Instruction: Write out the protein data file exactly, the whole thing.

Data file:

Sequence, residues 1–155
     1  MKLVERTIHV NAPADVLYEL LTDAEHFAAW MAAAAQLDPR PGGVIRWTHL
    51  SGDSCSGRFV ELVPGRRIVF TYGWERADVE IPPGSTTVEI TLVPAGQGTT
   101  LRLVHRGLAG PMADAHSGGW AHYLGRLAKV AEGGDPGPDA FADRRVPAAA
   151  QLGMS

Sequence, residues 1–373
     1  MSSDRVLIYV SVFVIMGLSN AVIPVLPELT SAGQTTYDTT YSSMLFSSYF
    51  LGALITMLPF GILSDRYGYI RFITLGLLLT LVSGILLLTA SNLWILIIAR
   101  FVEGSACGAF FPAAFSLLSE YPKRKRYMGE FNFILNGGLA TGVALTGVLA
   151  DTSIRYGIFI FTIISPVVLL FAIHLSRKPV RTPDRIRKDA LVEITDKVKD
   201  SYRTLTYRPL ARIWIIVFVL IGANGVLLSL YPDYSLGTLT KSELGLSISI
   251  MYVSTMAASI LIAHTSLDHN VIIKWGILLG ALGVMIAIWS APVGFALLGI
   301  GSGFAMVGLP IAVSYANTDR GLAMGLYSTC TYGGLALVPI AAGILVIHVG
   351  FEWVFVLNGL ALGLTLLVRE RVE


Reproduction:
Sequence, residues 1–155
     1  MKLVERTIHV NAPADVLYEL LTDAEHFAAW MAAAAQLDPR PGGVIRWTHL
    51  SGDSCSGRFV ELVPGRRIVF TYGWERADVE IPPGSTTVEI TLVPAGQGTT
   101  LRLVHRGLAG PMADAHSGGW AHYLGRLAKV AEGGDPGPDA FADRRVPAAA
   151  QLGMS

Sequence, residues 1–373
     1  MSSDRVLIYV SVFVIMGLSN AVIPVLPELT SAGQTTYDTT YSSMLFSSYF
    51  LGALITMLPF GILSDRYGYI RFITLGLLLT LVSGILLLTA SNLWILIIAR
   101  FVEGSACGAF FPAAFSLLSE YPKRKRYMGE FNFILNGGLA TGVALTGVLA
   151  DTSIRYGIFI FTIISPVVLL FAIHLSRKPV RTPDRIRKDA LVEITDKVKD
   201  SYRTLTYRPL ARIWIIVFVL IGANGVLLSL YPDYSLGTLT KSELGLSISI
   251  MYVSTMAASI LIAHTSLDHN VIIKWGILLG ALGVMIAIWS APVGFALLGI
   301  GSGFAMVGLP IAVSYANTDR GLAMGLYSTC TYGGLALVPI AAGILVIHVG
   351  FEWVFVLNGL ALGLTLLVRE RVE